5 myth busters about video games
As video games become more widespread in our daily lives, many parents have questions about how they can influence their children’s lives. Are video games a waste of time? What kind of environment do video games provide my child? Do they lead to more violent and antisocial behaviour? To answer these questions, we’ll be busting five myths about video games.
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#1: Only Boys Play Video Games
In actuality, 59% of girls ages 13-17 do play video games. While this is less than 84% of boys who play, this is still a huge percentage, and it is always increasing. There are many famous women in the gaming industry as well, including Pokimane, Endiequeen, and Kim “Geguri” Se-Yeon.
#2: Video Game Players Are Antisocial
With the number of online games at an all-time high, kids are stretching out with friends and building new friendships online every day. 57% of children ages 13-17 have made friends online, with 84% of boys and 62% of girls feeling more connected with their friends while playing online video games.
During games, children also learn and demonstrate essential communication traits such as coordinating plays, verbalizing strategic moves, and vocalizing team goals.
While communicating over the internet is not the equivalent as face-to-face conversations, it is still a vital form of communication to master. UKatsu offers a localized space for gamers to play next to one another and physically shakes the hand of their opponent, are a vital addition to a child’s in-person communication skills.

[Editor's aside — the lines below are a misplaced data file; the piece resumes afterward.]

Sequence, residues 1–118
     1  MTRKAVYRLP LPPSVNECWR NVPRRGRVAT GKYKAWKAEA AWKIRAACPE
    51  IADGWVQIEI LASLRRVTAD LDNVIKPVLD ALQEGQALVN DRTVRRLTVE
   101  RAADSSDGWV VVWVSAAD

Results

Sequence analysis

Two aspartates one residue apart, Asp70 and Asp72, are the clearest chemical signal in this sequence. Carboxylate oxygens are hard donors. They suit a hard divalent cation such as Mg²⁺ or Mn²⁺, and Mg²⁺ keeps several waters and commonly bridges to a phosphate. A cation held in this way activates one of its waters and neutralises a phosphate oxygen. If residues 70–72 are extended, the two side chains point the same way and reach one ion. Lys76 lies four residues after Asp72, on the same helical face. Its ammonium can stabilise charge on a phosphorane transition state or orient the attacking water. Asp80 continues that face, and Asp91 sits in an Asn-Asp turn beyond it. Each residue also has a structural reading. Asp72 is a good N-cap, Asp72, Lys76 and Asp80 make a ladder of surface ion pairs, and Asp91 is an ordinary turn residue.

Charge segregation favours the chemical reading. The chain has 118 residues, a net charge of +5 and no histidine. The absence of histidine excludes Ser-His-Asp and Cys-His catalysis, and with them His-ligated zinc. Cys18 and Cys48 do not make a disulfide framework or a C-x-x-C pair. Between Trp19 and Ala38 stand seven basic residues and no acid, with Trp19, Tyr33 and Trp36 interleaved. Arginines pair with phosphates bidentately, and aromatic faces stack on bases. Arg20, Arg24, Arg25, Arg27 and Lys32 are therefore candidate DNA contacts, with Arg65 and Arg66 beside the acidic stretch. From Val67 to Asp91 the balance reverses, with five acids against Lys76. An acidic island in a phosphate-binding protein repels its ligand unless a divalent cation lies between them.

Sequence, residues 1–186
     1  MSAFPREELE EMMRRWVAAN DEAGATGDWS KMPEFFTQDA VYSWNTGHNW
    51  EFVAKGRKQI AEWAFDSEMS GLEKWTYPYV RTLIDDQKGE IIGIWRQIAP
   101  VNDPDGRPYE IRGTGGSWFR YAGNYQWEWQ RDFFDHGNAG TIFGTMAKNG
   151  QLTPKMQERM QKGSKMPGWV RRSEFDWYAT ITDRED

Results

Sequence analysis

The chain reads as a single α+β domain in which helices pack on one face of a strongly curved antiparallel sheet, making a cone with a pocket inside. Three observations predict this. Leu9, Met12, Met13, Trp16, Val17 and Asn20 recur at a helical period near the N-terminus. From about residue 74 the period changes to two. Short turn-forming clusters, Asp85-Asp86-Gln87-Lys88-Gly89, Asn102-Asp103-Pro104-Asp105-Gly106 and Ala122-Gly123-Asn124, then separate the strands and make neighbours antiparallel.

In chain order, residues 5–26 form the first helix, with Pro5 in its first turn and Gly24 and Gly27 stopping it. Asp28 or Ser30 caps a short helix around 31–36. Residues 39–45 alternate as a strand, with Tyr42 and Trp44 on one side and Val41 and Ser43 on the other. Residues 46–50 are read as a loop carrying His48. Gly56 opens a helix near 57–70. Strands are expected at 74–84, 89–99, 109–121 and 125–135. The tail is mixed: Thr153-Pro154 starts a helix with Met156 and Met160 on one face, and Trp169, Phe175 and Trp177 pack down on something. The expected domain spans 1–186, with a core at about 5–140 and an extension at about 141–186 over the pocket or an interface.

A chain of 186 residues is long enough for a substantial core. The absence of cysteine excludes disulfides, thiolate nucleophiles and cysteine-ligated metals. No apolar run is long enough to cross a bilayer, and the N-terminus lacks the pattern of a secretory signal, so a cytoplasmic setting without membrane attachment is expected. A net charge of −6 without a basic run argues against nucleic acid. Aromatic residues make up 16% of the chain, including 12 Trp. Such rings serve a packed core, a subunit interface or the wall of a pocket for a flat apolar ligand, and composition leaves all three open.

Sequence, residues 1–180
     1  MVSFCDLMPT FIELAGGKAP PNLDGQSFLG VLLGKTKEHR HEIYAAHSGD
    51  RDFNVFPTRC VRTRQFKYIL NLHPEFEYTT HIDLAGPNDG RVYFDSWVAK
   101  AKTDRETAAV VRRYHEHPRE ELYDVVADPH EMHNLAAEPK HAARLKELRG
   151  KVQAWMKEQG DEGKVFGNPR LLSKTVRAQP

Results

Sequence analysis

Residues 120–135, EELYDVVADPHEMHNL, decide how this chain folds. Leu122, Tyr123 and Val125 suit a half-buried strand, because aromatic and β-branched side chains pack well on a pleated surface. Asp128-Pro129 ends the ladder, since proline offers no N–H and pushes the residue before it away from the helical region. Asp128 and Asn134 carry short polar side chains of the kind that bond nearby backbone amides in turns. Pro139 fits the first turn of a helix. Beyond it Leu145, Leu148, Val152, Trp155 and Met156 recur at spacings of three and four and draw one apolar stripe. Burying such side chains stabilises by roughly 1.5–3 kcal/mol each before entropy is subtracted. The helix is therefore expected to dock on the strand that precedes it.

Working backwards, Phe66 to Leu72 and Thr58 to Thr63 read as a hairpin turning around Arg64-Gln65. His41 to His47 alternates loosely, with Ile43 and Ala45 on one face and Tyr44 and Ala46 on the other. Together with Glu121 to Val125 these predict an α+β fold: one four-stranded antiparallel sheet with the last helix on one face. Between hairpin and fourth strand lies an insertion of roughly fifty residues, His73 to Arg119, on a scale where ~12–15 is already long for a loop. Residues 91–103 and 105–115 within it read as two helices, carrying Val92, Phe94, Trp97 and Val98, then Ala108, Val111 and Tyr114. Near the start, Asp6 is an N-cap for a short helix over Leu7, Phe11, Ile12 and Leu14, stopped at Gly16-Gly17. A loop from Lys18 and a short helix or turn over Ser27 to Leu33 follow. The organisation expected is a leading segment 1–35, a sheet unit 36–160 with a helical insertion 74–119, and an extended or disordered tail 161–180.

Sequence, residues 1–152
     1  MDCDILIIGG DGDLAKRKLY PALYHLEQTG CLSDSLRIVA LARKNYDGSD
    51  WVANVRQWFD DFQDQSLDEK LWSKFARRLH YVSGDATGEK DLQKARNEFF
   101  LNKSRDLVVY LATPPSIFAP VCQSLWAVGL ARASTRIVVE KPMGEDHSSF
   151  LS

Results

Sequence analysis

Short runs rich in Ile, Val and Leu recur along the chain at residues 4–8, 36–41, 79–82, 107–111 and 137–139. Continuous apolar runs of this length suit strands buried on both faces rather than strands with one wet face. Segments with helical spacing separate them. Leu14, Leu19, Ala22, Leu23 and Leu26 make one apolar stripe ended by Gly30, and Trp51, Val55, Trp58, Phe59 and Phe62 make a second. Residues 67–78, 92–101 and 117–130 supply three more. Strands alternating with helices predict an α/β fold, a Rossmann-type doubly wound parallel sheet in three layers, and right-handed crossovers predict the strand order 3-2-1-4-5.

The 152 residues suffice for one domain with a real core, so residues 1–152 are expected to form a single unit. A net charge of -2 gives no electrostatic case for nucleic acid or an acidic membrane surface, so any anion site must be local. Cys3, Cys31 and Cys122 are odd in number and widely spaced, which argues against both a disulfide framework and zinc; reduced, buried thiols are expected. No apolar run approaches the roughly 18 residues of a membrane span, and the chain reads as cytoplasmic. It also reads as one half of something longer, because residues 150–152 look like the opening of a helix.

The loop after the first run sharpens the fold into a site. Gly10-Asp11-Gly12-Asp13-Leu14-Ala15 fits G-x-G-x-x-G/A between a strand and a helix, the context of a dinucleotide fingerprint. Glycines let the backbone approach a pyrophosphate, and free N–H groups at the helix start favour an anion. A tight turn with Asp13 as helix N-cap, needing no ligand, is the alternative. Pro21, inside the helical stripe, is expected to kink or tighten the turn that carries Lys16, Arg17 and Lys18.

#3: Playing Video Games is a Waste of Time
Columbia College | Photo by Kaci Smart Video games can play a huge role in a child’s fate, from full-ride scholarships to universities to professional careers. Large universities such as the University of Columbia College, Missouri, Culver-Stockton, and CMU are giving out awards to high schoolers to play on their collegiate teams and compete at a national level.
Also, while only a tiny percentage of gamers become expert gamers, there are thousands of jobs in the eSports industry, including casters, graphic designers, sound technicians, tournament organizers, and more!
#4: Playing Video Games Leads to Violence and Aggression False
This is probably the most prevalent misconception about video games. Despite its notoriety, no study has been able to prove the causation between playing video games and exhibiting violent or aggressive behaviour.
In reality, video games can provide cognitive, emotional, motivational, and social benefits. Playing video games can enhance a child’s problem-solving and spatial skills. In one study, it was suggested that “shooter game players allocate[d] their attentional resources more efficiently and filter out irrelevant information more effectively”.
It is also essential to be aware of what your child is playing and to discuss their achievements after they play. These conversations can be an excellent opportunity to discuss morals, set goals, and further engage with the activity your child loves.
#5: Video Games can be a Toxic Environment
True Online gaming creates a variety of perks and has allowed everyone the chance to compete toward anyone across the globe. With this ability, however, comes the caveat that individuals are not always proper on the internet.
Games such as League of Legends have chat rooms that can include negative comments and unsportsmanlike conduct, and games like Fortnite can have individuals calling young players “Squeakers”.
While this toxicity does exist, this can be an essential opportunity to practice Digital Citizenship. As a parent, you can teach your child how to communicate appropriately with others online. This includes reporting inappropriate comments and players, as well as actively working to make the game a healthier environment and not being a bystander if cyberbullying occurs.